"We tried during that [comment] period to reason with the USGA and the R&A and come to some sort of a favorable decision for ourselves," said Clark, who was an All-American at North Carolina State using a conventional putter, but changed to an anchored stroke halfway through college because of a congenital problem that doesn't allow him to supinate his wrists. "Now we are going to have to explore our options. I planned to play until I physically no longer could play. Now I've been told I'm going to have to change the way I putt in a few years. Now my future is uncertain."

Things also are unclear for Carl Pettersson, who has used an anchored long putter for 16 years. "I think it is grossly unfair for somebody who's been using the long putter for a long time to have to play catch up," said Pettersson. "I've refined 16 years of practice with it. If I change to a non-anchored putter, I don't know if that's fair but sometimes life's not fair.

Related: What is permitted and what is prohibited by the anchor ban

"I still think we still have a battle with the PGA Tour. They stated their case that they are against it. Hopefully, they stay with that opinion."

Although Clark and Pettersson have steadfastly used anchored putters for some time, usage on the PGA Tour and sales at retail of long and belly putters have dropped, perhaps indicating a resignation that the rule will eventually go into effect. Sven Kessler, VP of retail for Edwin Watts, said long and belly putters accounted for nearly 25 percent of putter sales at the height of their popularity in late 2011 and early 2012, but now account for less than 5 percent of putter sales. Tour research conducted by TaylorMade through the first 21 events of the season showed an average of 13.6 long or belly putters in play per event. Of those, about 11 anchor (players such as Matt Kuchar and Angel Cabrera use belly putters without anchoring). That's about half the number anchoring at this time a year ago.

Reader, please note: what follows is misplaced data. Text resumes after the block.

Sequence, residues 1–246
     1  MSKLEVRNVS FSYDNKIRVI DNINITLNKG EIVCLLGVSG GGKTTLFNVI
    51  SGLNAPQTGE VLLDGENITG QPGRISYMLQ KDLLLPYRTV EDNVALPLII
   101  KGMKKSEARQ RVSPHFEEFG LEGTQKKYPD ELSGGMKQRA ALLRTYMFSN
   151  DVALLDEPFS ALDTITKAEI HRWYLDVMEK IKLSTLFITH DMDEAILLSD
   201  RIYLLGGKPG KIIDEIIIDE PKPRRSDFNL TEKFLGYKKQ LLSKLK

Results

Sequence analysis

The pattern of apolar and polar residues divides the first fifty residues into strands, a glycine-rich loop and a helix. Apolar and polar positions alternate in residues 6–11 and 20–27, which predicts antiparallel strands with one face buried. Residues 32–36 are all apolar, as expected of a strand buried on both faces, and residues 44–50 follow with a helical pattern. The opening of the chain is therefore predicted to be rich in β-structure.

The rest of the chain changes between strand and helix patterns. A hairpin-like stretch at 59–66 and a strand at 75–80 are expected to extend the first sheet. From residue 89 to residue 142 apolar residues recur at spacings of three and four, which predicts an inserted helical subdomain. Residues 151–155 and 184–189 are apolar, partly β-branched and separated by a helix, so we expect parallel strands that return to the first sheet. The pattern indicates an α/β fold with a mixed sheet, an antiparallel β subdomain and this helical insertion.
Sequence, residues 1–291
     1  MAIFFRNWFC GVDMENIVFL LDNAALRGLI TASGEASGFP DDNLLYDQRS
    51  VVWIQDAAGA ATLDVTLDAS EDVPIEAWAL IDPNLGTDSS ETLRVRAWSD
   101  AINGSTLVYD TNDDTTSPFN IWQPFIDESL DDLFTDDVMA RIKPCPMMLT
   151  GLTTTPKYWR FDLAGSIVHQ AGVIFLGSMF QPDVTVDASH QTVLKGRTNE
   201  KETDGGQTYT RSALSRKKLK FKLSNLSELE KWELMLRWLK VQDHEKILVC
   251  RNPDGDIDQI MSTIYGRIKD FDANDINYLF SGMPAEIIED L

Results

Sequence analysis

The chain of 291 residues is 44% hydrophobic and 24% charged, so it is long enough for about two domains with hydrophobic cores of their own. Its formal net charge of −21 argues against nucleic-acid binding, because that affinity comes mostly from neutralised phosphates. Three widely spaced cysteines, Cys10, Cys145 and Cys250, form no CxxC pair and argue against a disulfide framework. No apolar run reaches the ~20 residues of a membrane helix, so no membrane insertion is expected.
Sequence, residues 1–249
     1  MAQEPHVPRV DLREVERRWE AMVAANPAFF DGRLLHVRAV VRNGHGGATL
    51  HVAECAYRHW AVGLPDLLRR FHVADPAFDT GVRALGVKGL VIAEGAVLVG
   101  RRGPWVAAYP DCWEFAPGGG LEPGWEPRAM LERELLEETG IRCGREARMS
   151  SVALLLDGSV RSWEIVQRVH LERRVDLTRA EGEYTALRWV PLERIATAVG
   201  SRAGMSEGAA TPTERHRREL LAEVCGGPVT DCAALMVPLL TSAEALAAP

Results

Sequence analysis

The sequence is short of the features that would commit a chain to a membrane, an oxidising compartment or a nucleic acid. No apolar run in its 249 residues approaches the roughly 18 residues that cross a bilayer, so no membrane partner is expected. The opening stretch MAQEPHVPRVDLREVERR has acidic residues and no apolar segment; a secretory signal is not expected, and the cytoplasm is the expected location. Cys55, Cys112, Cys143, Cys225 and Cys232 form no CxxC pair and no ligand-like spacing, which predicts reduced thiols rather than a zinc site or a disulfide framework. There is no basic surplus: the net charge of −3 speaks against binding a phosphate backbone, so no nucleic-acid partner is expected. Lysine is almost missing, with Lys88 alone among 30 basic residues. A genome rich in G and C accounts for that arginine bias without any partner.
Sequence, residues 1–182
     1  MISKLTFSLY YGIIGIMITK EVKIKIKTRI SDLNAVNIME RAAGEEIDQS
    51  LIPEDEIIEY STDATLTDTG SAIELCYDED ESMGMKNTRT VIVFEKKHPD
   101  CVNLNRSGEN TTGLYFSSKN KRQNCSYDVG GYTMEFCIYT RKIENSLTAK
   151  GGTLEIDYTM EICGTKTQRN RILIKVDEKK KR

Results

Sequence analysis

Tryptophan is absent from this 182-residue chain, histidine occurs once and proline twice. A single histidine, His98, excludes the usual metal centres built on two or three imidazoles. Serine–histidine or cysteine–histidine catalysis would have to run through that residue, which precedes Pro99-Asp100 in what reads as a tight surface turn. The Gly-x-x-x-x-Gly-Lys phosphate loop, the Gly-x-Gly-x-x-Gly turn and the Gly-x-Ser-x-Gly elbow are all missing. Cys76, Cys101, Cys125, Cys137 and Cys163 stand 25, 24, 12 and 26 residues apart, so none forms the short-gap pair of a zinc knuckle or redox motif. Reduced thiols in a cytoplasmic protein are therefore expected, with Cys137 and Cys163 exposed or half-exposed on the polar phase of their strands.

USGA executive director Mike Davis is acutely aware of the impact the ban will have. "We have genuine empathy for golfers who are struggling with nerves and anchoring has been something that has helped them out," Davis told Golf World. "That's been the hard part. ... But we're not taking away any of their equipment [long and belly putters will remain legal, they simply cannot be anchored against the body]. There are other ways to help them. There was strong support for moving forward with this proposal."

Along with the support Davis cites, the governing bodies may be on firm legal ground as well, said Matthew Mitten, professor of sports law at Marquette, director of the National Sports Law Institute and the author of Sports Law in the United States.